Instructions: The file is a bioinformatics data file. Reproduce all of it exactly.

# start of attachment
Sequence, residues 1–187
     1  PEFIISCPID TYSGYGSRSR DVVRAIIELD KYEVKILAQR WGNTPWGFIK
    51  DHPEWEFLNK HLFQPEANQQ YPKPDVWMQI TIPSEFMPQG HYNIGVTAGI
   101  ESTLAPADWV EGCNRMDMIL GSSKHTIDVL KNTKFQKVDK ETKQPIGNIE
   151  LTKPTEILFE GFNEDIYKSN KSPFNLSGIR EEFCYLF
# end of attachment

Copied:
Sequence, residues 1–187
     1  PEFIISCPID TYSGYGSRSR DVVRAIIELD KYEVKILAQR WGNTPWGFIK
    51  DHPEWEFLNK HLFQPEANQQ YPKPDVWMQI TIPSEFMPQG HYNIGVTAGI
   101  ESTLAPADWV EGCNRMDMIL GSSKHTIDVL KNTKFQKVDK ETKQPIGNIE
   151  LTKPTEILFE GFNEDIYKSN KSPFNLSGIR EEFCYLF